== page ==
Tuesday, March 11, 2008
Last month, Google and Google.org hosted more than 80 technology decisionmakers from international development non-profits for an interactive discussion at our Washington D.C. office. Over lunch, case study presentations and hands-on sessions, participants discussed the ways technology is changing the landscape of international development -- and how to take advantage of new tools for fundraising, communication, data visualization, and online collaboration.
Speakers highlighted the benefits of cloud computing and demonstrated how to display data on maps and interactive graphs with products like Google Earth and Trendalyzer. A representative from the U.S. Holocaust Memorial Museum discussed how the Museum created a Darfur layer on Google Earth that gives "publicly accessible evidence of destruction to help visually refute claims of minimal collateral damage from war." The YouTube breakout session explored how cheap video cameras paired with an on-the-ground presence can help document and spread awareness of ongoing crises abroad. Participants even made their own videos to talk about how the Internet is changing the development world:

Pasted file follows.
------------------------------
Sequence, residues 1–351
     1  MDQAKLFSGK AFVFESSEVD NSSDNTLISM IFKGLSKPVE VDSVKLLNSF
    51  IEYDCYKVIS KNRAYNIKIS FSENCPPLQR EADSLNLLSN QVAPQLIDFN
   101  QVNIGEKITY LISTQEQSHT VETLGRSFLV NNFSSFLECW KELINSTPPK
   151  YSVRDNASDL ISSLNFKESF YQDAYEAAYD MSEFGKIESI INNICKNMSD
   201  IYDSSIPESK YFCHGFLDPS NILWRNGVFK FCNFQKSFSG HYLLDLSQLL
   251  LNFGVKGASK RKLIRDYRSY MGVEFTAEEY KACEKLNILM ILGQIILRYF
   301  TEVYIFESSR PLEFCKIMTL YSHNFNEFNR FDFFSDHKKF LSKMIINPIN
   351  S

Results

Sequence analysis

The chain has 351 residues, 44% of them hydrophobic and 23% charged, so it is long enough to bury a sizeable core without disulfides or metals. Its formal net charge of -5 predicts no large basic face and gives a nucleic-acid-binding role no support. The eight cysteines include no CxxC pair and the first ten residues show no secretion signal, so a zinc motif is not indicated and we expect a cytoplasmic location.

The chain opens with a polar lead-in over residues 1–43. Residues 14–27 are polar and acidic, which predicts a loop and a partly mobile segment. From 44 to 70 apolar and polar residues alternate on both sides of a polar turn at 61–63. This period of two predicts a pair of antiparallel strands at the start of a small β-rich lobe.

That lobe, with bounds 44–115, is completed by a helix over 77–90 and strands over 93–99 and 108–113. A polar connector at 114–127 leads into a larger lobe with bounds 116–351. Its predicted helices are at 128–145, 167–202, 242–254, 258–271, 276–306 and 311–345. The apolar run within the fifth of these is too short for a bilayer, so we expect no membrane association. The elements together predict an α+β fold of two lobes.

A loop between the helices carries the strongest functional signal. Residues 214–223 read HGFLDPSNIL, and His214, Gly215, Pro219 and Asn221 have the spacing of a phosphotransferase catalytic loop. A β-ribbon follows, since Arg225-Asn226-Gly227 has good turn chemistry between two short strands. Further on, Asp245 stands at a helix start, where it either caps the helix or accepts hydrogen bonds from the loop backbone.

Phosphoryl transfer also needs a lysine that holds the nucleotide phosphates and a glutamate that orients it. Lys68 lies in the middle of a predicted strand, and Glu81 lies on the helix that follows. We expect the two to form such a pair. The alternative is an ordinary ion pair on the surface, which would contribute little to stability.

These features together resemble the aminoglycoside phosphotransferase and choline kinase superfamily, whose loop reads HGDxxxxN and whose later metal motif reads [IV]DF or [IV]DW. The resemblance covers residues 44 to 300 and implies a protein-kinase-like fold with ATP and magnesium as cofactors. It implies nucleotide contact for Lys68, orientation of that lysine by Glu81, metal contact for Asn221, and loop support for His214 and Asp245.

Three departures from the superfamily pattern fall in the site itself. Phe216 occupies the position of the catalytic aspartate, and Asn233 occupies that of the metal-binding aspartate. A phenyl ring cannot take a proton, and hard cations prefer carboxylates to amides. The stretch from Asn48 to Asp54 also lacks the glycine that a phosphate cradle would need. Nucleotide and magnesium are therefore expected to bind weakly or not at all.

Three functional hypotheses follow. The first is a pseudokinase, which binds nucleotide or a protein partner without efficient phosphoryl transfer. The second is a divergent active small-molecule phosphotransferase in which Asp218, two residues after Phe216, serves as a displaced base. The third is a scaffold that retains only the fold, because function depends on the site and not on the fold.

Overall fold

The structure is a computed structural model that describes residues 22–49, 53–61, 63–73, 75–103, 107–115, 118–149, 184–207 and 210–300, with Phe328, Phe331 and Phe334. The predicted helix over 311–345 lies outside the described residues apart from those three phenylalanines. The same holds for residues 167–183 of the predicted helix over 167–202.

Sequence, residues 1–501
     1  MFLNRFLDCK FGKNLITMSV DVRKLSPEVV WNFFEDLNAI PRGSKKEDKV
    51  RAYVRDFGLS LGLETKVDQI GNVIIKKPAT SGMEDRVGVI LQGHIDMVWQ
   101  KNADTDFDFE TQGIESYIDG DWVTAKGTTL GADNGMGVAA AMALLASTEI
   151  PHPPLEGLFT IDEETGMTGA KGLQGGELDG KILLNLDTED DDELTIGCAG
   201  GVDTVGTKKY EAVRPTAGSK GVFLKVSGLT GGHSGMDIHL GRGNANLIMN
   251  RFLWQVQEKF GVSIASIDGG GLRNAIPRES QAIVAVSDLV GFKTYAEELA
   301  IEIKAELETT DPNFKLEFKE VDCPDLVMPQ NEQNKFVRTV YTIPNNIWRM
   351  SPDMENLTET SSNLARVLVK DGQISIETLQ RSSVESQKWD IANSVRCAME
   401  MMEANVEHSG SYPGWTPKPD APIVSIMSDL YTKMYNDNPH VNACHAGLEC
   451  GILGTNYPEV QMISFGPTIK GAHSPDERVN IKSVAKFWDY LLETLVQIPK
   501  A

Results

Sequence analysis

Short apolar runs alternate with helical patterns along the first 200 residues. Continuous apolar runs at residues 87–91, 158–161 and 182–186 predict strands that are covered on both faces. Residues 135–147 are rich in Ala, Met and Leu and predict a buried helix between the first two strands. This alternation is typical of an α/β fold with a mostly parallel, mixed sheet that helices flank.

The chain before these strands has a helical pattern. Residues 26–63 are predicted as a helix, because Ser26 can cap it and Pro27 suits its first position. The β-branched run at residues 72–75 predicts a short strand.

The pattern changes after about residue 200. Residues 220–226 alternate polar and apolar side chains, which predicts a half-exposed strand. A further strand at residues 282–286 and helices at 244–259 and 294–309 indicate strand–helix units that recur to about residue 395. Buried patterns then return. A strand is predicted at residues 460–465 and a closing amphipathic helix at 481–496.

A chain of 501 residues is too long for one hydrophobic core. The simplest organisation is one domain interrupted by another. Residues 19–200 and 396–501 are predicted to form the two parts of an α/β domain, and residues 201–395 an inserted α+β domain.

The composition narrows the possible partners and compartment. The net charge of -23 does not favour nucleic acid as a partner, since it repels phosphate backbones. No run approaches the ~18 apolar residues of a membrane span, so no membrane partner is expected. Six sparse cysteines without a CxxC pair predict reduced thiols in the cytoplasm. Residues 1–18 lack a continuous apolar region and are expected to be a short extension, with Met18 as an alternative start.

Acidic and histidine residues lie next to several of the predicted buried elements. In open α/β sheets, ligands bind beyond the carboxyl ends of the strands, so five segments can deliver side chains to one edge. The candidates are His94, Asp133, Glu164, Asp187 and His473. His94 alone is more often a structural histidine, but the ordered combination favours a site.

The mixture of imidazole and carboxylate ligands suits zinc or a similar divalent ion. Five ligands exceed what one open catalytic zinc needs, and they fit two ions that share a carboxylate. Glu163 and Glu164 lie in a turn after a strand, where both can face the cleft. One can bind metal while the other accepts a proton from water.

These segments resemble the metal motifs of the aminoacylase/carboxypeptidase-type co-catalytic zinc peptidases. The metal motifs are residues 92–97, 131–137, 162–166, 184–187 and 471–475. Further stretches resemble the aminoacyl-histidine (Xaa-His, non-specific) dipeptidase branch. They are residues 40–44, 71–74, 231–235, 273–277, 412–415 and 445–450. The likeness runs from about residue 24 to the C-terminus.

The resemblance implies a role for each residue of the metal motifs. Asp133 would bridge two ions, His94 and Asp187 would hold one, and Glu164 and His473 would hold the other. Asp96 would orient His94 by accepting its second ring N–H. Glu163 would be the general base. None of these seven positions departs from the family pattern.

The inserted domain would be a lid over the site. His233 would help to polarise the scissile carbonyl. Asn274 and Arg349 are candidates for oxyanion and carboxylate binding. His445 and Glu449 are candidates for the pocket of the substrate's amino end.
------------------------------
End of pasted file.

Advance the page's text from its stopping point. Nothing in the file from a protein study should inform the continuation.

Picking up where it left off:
Special thanks to our friends at the International Rescue Committee, MercyCorps, and the U.S. Holocaust Memorial Museum for sharing stories of their experiences in taking advantage of new technologies. For those who are interested, we're posting the presentations on YouTube.
We hope that this event will be the first of many discussions, workshops, and other public events we hold with non-profits in our new D.C. space.